When I work in the shop or on my laptop, I find that I do a lot of staring.
As I assemble a project, I often catch myself just staring at the parts or the assemblies for many long minutes until I shake myself out of the fugue state. I don’t know what the heck I’m doing. Processing things? Getting used to their shape? Evaluating? Brain farting?
But I do the same thing when I’m writing. I end up staring at a lot of photos and sentences at times. Again, it’s like my brain is on “pause.”
The end result, however, is that I get some small insights from my mouth-breather behavior. At least, I think I do.
I did a lot of staring at tool chests and tools as I wrote “The Anarchist’s Tool Chest” (which is perhaps why it took 14 months to complete). As I gazed on the beautiful inlaid chests and then the chests with pedestrian guts, something clicked in my head.
The fancy chests were mostly in books. The plain chests were mostly ones I had seen in person.
In fact, the only real fancy chests I had encountered “in the wild” were at John Sindelar’s Tool Museum. Sindelar has a taste for tools that range from the refined to the outrageous. But he doesn’t collect many plain things.
Tool chests that are plain – both inside and out – are what you will find at flea markets, antique store and at many tool meets. They are painted on the outside and plain pine on the inside. The only vibrant color inside is usually the stains of hard use.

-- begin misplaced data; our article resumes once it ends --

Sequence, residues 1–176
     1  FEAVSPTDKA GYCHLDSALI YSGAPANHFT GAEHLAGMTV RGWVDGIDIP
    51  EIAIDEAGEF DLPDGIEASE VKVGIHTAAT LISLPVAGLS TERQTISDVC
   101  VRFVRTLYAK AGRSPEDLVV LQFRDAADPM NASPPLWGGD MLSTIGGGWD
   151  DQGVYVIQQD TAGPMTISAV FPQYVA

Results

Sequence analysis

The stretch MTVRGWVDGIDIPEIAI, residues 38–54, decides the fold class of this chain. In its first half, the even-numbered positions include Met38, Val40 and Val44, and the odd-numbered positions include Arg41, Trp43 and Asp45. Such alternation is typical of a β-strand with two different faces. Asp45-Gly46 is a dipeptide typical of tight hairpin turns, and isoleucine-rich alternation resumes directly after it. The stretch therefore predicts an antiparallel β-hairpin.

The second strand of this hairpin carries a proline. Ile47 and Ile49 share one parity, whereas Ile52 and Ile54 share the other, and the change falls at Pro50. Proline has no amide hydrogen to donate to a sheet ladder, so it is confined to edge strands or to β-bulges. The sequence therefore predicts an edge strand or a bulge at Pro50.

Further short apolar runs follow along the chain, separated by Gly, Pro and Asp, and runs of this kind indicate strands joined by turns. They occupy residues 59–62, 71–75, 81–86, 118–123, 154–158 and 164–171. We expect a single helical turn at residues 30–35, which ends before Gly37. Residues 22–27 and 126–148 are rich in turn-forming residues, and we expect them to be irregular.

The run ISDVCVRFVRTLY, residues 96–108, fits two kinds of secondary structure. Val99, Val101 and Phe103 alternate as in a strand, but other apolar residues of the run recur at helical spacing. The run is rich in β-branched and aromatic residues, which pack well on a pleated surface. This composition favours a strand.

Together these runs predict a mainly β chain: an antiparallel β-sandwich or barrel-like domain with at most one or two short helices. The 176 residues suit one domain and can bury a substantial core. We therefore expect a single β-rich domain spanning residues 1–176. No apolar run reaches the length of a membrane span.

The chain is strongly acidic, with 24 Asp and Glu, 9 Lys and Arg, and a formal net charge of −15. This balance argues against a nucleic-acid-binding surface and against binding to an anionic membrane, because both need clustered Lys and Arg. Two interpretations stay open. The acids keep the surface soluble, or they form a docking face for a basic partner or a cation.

After much staring at chests, I realized that simple and plain chests are the dominant form, easier to build and just as useful as a chest that is inlaid with pearl and ebony.
And while my tool chest is as plain as I could manage, that doesn’t mean I dislike the fancy chests. Far from it.
This weekend while at Sindelar’s museum I made a visual inventory of his chests on display (he has many more in storage, including an awesome one with secret compartments).
By far, my favorite chest in Sindelar’s collection is the one he calls the “seven tarts” chest. The interior of the chest is moderately elaborate, with some inlay on the sliding tills. But the highlight of the chest is a series of seven frames planted on the inside of the lid. Each frame features a photo of a different woman (real or sculptural). It’s not pornographic (unlike Sindelar’s mermaid brace), but it is charming.
I’ve included some of the chests on display this weekend at the museum for you to peruse in the gallery above. Just remember while you are staring at these chests that you aren’t going to find this stuff at a garage sale. So keep staring.
— Christopher Schwarz